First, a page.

- Human-CPS integration. Regardless of the system type and level of automation, humans acting as developers, operators, users, and maintainers will increasingly have to deal with and interact with CPS. Increasing levels of automation poses challenges for human-machine interaction, e.g., for cases where humans (e.g., pilots in an aircraft) may still be responsible to act in emergency situations. We are currently transitioning to increasing levels of automation and smarter systems and the lessons learned in the automation history remain highly relevant to improve support for humans interacting with highly capable CPS . As an example of a related challenge in automated driving, leading companies have abandoned the so-called “level 3” of automated driving, moving directly to “level 4” where the automation system is also responsible for fall-back maneuvers, see e.g., . A key notion for human CPS is that of intent, i.e., the understanding of what drives the action or inaction of an agent. There is also a need to identify deviations from normal behaviour of such (human) agents, in particular behaviour that leads to decisions/actions of significance for the functioning of CPS  (e.g., Chapter 5.3.3).
- AI within CPS. While AI and machine learning technologies enable entirely new types of applications, the use of in particular machine learning in terms of neural networks raises concerns about how to deal with transparency (black-box behavior), robustness and predictability (e.g., when data is outside of a training set), and how to cost-efficiently verify, validate and assure such systems, see for example [55,56].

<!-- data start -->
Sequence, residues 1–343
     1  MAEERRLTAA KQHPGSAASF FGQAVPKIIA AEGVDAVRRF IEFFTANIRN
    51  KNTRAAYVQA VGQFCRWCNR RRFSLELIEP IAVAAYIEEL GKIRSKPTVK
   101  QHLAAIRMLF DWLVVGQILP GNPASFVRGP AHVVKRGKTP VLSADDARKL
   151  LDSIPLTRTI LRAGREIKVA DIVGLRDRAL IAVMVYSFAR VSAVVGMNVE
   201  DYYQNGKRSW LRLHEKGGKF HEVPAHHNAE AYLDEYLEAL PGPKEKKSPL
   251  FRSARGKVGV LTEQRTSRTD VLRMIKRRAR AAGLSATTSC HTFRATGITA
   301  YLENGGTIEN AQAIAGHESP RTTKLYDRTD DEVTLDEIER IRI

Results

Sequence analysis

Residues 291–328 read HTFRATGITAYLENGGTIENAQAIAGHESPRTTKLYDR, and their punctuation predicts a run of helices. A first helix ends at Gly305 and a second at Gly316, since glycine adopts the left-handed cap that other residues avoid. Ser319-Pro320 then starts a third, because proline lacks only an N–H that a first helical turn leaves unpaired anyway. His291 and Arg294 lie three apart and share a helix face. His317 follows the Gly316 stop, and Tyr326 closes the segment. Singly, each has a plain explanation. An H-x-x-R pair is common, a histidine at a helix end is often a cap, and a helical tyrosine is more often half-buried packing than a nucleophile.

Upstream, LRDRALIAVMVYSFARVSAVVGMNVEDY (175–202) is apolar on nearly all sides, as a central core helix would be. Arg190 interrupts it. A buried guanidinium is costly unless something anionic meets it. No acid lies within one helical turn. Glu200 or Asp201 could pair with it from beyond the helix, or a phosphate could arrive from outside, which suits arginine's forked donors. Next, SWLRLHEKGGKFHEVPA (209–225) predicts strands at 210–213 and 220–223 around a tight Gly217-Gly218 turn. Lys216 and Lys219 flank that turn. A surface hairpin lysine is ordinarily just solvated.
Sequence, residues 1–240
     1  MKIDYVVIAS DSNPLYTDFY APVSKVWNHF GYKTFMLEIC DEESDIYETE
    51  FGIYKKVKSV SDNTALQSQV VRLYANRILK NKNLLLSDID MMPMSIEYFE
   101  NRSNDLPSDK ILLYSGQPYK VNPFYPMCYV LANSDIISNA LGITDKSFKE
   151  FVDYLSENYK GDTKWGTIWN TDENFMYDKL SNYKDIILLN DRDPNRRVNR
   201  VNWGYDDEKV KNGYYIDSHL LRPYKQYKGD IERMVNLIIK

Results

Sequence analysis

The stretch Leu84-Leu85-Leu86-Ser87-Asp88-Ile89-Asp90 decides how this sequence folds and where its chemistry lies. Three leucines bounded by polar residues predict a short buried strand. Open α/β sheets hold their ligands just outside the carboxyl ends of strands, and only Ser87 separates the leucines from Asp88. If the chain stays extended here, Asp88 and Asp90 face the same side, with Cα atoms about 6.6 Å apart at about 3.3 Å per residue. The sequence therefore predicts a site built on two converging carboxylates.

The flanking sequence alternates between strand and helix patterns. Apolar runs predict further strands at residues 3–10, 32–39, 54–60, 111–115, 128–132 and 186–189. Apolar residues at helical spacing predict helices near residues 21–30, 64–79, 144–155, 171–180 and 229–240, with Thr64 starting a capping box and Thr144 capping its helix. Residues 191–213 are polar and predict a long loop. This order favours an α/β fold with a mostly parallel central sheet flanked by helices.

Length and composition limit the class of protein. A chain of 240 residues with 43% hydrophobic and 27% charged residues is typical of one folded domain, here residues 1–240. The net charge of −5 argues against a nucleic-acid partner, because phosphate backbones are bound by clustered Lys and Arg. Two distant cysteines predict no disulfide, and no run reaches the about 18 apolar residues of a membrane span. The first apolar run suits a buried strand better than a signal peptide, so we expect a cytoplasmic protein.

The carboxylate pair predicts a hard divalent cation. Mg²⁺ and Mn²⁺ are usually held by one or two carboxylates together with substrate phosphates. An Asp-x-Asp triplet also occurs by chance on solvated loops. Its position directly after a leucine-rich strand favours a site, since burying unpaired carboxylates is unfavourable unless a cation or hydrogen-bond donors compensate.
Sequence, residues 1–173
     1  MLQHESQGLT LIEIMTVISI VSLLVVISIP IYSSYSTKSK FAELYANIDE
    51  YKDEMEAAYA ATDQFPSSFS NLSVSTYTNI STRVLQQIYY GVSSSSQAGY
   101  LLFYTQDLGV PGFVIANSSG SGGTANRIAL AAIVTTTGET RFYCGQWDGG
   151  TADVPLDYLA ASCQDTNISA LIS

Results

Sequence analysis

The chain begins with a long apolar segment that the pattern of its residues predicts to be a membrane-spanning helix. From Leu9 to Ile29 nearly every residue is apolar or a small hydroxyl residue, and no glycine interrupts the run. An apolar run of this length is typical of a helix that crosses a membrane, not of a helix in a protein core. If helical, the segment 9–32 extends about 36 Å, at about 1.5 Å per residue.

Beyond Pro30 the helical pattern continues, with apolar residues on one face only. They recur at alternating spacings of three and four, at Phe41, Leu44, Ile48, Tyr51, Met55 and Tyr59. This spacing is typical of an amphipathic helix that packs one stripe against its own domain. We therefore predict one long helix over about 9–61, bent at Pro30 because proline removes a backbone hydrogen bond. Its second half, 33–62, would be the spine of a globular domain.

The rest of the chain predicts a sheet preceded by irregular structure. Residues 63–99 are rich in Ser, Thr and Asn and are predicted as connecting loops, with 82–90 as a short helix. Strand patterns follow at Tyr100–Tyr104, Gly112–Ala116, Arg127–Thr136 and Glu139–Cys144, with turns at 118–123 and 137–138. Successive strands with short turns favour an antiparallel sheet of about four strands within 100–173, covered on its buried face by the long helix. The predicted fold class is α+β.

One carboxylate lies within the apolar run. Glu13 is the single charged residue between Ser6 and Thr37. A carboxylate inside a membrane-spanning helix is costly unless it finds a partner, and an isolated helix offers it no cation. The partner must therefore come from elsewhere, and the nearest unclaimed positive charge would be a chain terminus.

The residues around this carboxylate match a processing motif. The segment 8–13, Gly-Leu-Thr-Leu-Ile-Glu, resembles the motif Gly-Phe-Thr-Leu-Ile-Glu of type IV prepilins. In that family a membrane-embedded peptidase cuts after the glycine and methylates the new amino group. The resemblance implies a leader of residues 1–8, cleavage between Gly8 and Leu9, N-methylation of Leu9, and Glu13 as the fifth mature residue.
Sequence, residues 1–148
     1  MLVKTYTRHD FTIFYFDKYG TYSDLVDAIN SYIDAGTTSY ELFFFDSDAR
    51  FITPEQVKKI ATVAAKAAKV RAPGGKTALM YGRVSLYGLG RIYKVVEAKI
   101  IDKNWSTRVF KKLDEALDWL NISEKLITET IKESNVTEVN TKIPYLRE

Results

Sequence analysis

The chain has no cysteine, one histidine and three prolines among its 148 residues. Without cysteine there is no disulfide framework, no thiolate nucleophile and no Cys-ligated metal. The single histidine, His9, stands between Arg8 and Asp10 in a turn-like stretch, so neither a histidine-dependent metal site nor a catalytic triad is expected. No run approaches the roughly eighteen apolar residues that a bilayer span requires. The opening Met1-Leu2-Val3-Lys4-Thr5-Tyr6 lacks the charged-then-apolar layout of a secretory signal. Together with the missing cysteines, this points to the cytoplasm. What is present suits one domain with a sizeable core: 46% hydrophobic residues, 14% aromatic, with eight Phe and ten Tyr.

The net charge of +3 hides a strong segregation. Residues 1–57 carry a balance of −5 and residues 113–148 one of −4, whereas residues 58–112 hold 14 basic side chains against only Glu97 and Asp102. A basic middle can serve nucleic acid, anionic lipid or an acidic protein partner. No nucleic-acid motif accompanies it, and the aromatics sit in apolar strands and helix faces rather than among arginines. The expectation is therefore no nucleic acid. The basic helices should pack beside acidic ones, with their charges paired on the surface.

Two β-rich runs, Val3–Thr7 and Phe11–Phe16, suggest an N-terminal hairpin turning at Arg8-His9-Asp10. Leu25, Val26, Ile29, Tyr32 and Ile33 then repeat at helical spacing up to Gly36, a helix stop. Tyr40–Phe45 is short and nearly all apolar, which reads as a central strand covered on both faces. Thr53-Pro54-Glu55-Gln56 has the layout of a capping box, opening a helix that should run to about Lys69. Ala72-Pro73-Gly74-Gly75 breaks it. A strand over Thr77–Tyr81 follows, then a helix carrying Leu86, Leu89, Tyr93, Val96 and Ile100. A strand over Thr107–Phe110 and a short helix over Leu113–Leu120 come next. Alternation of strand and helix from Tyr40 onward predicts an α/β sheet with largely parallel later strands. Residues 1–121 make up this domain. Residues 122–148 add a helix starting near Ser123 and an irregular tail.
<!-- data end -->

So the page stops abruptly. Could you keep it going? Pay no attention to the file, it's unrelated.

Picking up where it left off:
- Trustworthiness. Trust involves properties such as privacy, cybersecurity, safety and availability, which affect each other, requiring new holistic methodologies. Security risks already exist for current CPS and will increase as CPS become even more widely adopted, connected and with an increasing use of open source software. Absolute safety and security will not be possible so on-line measures are necessary to deal with security breaches and safety related anomalies. Moreover, the increasing deployment and use of CPS increases the importance of their availability, implying traditional fail-safe solutions are not an option. Future systems must be fault-tolerant while balancing the complexity increase due to the introduction of redundancy, adaptability and fall-back measures. Finally, issues related to liability, ethics and assurance are recognized as essential. Who if any will/should take responsibility when a complex CPS fails, what are the ethical considerations of decisions made by highly automated systems, and what is required by an assurance case for a future complex CPS? 
- CPSoS. Future CPS are likely to form part of CPSoS. Such systems, may also because of their novelty and scale, relate to multiple domains, and require consideration a larger set of stakeholders, jurisdictions, regulations and standards .
4. Addressing Limitations to Complexity
- Complexity awareness by people and organizations, as well as improving training, leveraging existing knowledge and best practices,
- Research towards establishing CPS foundations that addresses the identified limitations of current CPS methodologies,
- Multi-disciplinary collaboration for the above mentioned educational and research efforts, and also in terms of exchange of best practices across industrial domains and between academia and industry.
5. Discussion and Conclusions
Conflicts of Interest